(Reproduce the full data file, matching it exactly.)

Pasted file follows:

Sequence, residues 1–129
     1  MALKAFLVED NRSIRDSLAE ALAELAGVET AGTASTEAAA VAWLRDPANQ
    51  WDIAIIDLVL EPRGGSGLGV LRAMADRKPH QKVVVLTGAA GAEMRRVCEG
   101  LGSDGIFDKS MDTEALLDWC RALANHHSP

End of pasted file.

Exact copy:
Sequence, residues 1–129
     1  MALKAFLVED NRSIRDSLAE ALAELAGVET AGTASTEAAA VAWLRDPANQ
    51  WDIAIIDLVL EPRGGSGLGV LRAMADRKPH QKVVVLTGAA GAEMRRVCEG
   101  LGSDGIFDKS MDTEALLDWC RALANHHSP